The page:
Three Ways to cope with losing buy-to-let tax relief
The game has changed for many buy-to-let landlords. From this April the change to buy-to-let tax relief is being phased in, which could translate into a big loss of profits for many with rental properties. What can you do about it?
It used to seem as if buying to let was a licence to print money. Rising house prices delivered a double bonus: driving ever more people towards renting, while also boosting the value of your property portfolio. But the change to buy-to-let tax relief, which begins to be phased in from this April, may prove a real headache not just for landlords, but for their tenants too.
What does the loss of tax relief mean?
If you’re new to buy-to-let, you might not appreciate the full implications. Up to now, people buying to let have been able to claim tax relief on their mortgage interest payments at their marginal rate of tax. This means that a basic rate taxpayer would get 20 per cent tax relief, but those at a higher rate would receive 40 per cent relief, while top-rate taxpayers could claim 45 per cent.
When the changes are fully in place (from 2020), tax relief will be a flat rate of 20 per cent. Landlords who pay basic rate tax would see no change, but those on higher incomes will find themselves losing much more in mortgage interest payments. From April 2017 to April 2020 the change will be phased in gradually, to ensure that there is not a sudden increase in income tax for landlords. However, the impact could still be serious for many. The HMRC website has useful case studies that show how you could be affected.
How severe could the impact be?
The Nationwide Building Society published estimated figures of how a typical landlord’s profits might be hit. Someone with a £150,000 buy-to-let mortgage on a property worth £200,000, with a monthly rent of £800, would currently have a net profit of around £2,160 a year. Under the new system, the net profit would plunge to £960.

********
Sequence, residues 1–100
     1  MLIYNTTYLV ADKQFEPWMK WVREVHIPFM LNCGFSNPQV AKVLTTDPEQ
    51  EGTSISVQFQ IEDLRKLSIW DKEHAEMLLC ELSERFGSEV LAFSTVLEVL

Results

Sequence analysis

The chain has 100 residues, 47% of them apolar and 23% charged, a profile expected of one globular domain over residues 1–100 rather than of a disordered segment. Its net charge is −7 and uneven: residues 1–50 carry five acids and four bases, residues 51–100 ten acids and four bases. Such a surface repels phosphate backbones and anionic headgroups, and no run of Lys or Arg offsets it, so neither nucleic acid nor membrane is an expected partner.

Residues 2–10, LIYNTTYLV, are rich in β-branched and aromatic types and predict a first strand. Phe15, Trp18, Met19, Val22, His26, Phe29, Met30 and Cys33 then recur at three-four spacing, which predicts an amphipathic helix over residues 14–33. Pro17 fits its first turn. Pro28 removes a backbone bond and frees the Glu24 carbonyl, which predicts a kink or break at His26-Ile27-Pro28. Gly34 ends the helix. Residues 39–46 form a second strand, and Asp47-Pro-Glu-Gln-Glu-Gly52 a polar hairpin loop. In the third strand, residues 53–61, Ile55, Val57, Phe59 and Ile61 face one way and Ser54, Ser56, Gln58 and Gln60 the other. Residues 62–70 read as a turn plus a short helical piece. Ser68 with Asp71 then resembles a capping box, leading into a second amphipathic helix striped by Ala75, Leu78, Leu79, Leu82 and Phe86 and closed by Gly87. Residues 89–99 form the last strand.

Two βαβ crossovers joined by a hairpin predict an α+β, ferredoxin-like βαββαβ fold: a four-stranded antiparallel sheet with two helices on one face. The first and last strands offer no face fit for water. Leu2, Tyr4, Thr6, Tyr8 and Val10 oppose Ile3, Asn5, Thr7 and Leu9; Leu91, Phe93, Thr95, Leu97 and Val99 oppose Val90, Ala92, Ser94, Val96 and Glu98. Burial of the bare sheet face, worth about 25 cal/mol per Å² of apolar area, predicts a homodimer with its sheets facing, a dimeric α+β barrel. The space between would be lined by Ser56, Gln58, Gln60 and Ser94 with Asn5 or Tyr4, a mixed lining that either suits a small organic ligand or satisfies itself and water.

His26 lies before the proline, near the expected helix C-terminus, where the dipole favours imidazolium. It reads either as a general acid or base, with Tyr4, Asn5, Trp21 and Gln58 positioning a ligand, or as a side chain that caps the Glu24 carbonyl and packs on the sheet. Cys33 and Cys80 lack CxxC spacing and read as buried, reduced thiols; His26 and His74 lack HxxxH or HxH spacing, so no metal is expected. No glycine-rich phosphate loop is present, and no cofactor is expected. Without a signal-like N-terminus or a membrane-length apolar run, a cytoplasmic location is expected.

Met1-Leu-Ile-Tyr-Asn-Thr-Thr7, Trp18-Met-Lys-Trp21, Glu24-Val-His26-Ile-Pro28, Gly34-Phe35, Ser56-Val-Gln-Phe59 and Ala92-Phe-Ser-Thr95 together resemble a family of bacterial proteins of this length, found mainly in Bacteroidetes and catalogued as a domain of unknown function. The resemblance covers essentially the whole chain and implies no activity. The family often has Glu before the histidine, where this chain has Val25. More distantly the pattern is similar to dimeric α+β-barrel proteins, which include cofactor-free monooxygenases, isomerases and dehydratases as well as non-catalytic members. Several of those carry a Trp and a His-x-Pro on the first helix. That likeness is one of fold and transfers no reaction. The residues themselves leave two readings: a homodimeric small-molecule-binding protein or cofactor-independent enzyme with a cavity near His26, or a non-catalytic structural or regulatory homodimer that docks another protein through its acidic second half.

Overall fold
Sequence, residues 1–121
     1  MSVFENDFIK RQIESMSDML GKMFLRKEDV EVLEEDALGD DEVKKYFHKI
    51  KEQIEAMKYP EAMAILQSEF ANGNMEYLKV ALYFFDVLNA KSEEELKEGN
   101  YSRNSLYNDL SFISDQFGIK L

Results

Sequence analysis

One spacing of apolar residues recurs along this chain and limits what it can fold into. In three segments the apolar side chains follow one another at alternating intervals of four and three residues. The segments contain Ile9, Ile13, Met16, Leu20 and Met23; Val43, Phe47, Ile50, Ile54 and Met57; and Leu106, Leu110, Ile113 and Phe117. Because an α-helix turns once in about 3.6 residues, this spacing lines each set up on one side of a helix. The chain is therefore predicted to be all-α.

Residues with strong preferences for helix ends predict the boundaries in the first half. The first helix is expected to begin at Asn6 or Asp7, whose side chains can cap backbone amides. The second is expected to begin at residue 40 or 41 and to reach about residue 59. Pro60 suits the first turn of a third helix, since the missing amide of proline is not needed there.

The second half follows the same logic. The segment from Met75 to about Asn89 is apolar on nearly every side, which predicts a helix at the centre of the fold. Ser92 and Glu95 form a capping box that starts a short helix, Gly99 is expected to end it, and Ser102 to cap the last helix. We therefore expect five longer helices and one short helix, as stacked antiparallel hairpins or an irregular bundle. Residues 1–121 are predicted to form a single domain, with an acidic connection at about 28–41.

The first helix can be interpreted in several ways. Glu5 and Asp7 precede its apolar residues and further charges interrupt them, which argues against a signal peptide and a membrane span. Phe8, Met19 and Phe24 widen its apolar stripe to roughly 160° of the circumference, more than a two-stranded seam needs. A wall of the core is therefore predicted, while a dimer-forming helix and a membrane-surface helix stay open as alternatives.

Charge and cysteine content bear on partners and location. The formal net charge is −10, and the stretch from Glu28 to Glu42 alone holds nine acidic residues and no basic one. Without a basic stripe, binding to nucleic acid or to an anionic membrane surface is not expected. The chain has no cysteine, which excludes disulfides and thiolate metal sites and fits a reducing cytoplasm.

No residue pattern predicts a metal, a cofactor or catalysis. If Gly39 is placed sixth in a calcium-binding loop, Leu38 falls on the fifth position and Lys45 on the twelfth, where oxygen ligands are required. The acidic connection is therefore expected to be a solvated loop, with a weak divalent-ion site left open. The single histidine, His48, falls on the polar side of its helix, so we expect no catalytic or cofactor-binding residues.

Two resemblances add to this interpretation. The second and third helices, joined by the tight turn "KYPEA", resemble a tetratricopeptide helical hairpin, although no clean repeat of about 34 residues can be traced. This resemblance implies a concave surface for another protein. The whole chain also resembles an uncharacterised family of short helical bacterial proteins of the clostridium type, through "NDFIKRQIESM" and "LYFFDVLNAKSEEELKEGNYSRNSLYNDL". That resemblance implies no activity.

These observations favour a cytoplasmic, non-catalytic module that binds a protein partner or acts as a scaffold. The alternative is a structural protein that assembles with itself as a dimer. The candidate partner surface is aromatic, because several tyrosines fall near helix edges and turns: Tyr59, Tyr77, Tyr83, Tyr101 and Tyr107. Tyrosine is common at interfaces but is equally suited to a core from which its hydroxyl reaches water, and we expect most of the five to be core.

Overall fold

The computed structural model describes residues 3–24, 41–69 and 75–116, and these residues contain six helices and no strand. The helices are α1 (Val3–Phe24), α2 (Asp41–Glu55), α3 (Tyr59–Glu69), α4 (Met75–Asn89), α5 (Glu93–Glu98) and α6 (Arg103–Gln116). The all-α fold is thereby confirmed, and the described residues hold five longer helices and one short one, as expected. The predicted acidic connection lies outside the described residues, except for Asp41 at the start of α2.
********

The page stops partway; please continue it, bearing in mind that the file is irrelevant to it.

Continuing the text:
Other predictions have been even gloomier. The higher the interest you pay, the more you would feel the pinch, so if you have a long-term fixed rate (which is usually higher) you may find your profits aren’t much better than the returns from a savings account. The additional stamp duty may for some be the final straw.
What’s the answer?
One solution, of couse, may be to increase rents so that the extra cost is passed on to tenants - but this solution is far from ideal. Most tenants are already paying as much as they can afford, and you risk pricing yourself out of the market. However, if you think you will be affected, there are a few other things you can try:
- You could switch to shorter-term fixed rate deals to get lower rates of interest, although these mortgages carry more risk.
- You could place your property portfolio in a limited company structure. You would then pay corporation tax (which is lower) rather than income tax on your profits. A drawback is that your mortgage options will narrow, as fewer providers will lend to a company.
- If your spouse pays a lower rate of tax, you could transfer ownership of one or more properties to them (taking care this does not lift them into a higher tax band).
As with most clouds, there is a silver lining. If you’re a landlord with a lower income, you’re no longer at such a disadvantage to those in the big league. This level playing field may in fact help the new wave of ‘silver landlords’ hoping to use their pension pots to buy rental property. Also, if you’re a homebuyer, you may find prices becoming more affordable as the competition from buy-to-let decreases.
An IFA can answer all your questions about this issue. Find one using the Unbiased search.
You may also find it useful to consult the Unbiased Guide to Starting a Business.